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28 July 1940: Malta Flying Boats Survive Dog Fights

28 Jul

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THREE SUNDERLANDS AMBUSHED ON APPROACH TO MALTA

Sunderland Flying Boat (1)

Sunderland Flying Boat (1)

A Sunderland flying boat on a mission over Sicily today survived a dog fight despite being outnumbered.  Sunderland L5804 was returning from patrol over Augusta and Syracuse when it was attacked by three formations of fighters.  The raiders were used explosive tracer as well as ordinary ammunition, punching large holes in the hull and putting the turret, elevator and rudder controls out of action.  Three members of the crew were wounded in the legs; LAC D A Campbell was badly wounded.  Despite this, the flying boat managed to shoot down two of the Italian fighters.  One was shot down in flames and the other driven out of control, though it was not seen hitting the water. 

The Sunderland turned towards Malta, limping home at an altitude of 10 feet, and chased by fighters until within sight of the Island.  Its engine seized on the approach to Kalafrana and it landed on the water, before beaching near the seaplane base just after 11 this morning.  Repairs on the aircraft began immediately.

A second Sunderland returning from reconnaissance over Cape Spartivento was also attacked by three Italian fighters.  One fighter broke up in the air, a second broke off combat as though damaged.  The third pursued the Sunderland until within range of Malta without causing damage.  A third Sunderland on return from reconnaissance was chased by two fighters to close to Malta but they did not press home an attack.  All the Italian fighters were identified as monoplanes.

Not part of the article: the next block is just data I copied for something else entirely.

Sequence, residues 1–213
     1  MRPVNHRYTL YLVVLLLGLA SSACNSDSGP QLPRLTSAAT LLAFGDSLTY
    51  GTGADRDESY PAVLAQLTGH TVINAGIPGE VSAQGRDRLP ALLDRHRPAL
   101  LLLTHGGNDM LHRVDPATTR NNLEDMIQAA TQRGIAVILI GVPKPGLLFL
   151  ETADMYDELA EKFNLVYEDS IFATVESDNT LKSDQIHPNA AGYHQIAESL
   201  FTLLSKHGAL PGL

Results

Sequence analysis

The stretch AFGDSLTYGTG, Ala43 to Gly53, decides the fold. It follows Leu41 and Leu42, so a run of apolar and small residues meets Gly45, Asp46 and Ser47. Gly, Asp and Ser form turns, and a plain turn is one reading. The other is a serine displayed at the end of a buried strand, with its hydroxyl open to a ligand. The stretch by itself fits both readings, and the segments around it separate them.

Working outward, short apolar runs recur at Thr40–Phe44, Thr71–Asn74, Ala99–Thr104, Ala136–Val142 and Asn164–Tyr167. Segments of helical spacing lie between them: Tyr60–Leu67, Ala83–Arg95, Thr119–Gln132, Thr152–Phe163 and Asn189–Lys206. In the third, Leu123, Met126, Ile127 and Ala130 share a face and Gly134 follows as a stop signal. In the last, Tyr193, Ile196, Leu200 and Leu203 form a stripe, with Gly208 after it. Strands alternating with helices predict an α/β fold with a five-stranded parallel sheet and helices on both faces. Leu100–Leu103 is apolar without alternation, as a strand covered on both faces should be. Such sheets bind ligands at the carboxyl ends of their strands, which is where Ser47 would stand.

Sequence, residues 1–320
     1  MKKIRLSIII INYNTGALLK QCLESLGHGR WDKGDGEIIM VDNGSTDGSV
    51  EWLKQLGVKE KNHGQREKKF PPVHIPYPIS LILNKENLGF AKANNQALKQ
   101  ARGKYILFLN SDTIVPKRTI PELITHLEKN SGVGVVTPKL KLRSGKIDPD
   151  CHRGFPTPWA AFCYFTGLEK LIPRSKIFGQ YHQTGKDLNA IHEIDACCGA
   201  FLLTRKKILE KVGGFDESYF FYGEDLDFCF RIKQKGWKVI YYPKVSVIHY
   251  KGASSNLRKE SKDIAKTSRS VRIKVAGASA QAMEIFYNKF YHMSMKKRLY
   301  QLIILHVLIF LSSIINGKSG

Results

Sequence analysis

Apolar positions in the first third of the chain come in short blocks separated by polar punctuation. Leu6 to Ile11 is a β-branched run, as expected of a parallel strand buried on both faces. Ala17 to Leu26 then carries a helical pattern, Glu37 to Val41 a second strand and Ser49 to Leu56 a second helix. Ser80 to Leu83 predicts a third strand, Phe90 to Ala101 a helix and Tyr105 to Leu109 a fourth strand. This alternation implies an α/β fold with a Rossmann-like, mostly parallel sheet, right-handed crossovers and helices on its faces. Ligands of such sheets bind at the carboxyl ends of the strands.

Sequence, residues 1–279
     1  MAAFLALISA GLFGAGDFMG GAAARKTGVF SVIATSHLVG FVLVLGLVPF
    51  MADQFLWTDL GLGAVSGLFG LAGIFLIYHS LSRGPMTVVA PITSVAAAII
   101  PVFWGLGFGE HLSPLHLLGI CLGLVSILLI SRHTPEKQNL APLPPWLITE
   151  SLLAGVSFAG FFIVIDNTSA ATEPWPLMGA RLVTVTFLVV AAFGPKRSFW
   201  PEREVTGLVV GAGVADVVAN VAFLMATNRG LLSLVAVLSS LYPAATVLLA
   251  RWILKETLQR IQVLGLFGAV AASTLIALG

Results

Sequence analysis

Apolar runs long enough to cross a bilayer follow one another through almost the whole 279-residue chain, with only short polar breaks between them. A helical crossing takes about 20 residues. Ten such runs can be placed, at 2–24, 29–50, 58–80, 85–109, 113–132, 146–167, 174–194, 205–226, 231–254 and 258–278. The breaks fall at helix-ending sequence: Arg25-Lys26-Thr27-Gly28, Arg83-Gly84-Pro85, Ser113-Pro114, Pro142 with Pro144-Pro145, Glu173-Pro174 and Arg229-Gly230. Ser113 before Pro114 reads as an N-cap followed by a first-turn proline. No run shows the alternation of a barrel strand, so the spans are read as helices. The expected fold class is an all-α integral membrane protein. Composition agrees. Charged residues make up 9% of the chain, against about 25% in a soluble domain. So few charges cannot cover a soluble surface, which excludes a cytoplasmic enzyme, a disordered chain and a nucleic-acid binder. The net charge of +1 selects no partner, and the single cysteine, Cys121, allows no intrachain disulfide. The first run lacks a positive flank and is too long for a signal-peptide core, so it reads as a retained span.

AIR RAIDS DAWN 28 JULY TO DAWN 29 JULY 1940

Weather  Fine and warm. 

1130-1155 hrs  Air raid alert for one bomber and ten fighters which approach the Island from St Paul’s Bay towards Hal Far.  They are engaged by heavy Ack Ack fire.  One raider is brought down and crashes in the sea 15 miles south of Malta.  The rest turn back before crossing the coast.  No bombs are dropped.    

OPERATIONS REPORTS SUNDAY 28 JULY 1940

AIR HQ  Aircraft casualties 1 Sunderland  0430 hrs  One Sunderland on creeping ahead patrol over the Ionian Sea, then reconnaissance of Augusta and Syracuse, where five flying boats are spotted.  The Sunderland attacked three waterships near Augusta, dropping three 250lb bombs: no result.  A second Sunderland on reconnaissance sighted a submarine off Cape Spartivento and dropped five bombs: no results visible.  One Sunderland on reconnaissance.  All three Sunderlands were attacked; one returned to Malta damaged; repairs began immediately. 

KALAFRANA  Sunderland aircraft of 228 and 230 Squadrons operating 12 hour naval patrols over wide area covering Greek coast, south Italian coast and Sicily under direct instructions from Middle East and HQ Mediterranean. 

(1)  Website: Malta Family History

All written content © maltagc70 unless otherwise attributed.  For conditions of use contact bdmalta@btinternet.com

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1 Comment

Posted by on July 28, 2015 in Uncategorized

 

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One response to “28 July 1940: Malta Flying Boats Survive Dog Fights

  1. Bud Rose

    July 29, 2015 at 9:44 am

    Allen. These Sunderlands would have been Mark 3 models with four Pegasus 18 engines. They had 9 cylinders with no external oil pressure to the rocker boxes where the rocker gear was lubricated by a saturated felt pad. High melting point grease was hand fed into the pads and we changed them every 120 hours..Some aircraft were known to keep flying with at least one cylinder/piston/conrod missing as there was no external pressure oil on the engine and there was no way of having an indication in the aircraft until the engine siezed. Propellor feathering was completed by a pump on the rear of the engine which fed high pressure fluid through a hollow engine bolt near the top of the engine to the constant speed unit on the front and to the propellor. Loss of engine oil made feathering impossible. We had 4 of these aircraft from 1943 at Hobsonville Air Force Base till 1947 when they were sold to National Airways for their Pacific Islands service. The aircraft armament was impressive and fighters very seldom got the better of a Sunderland. They also carried a good load of bombs and depth charges. Regards. Bud.

     

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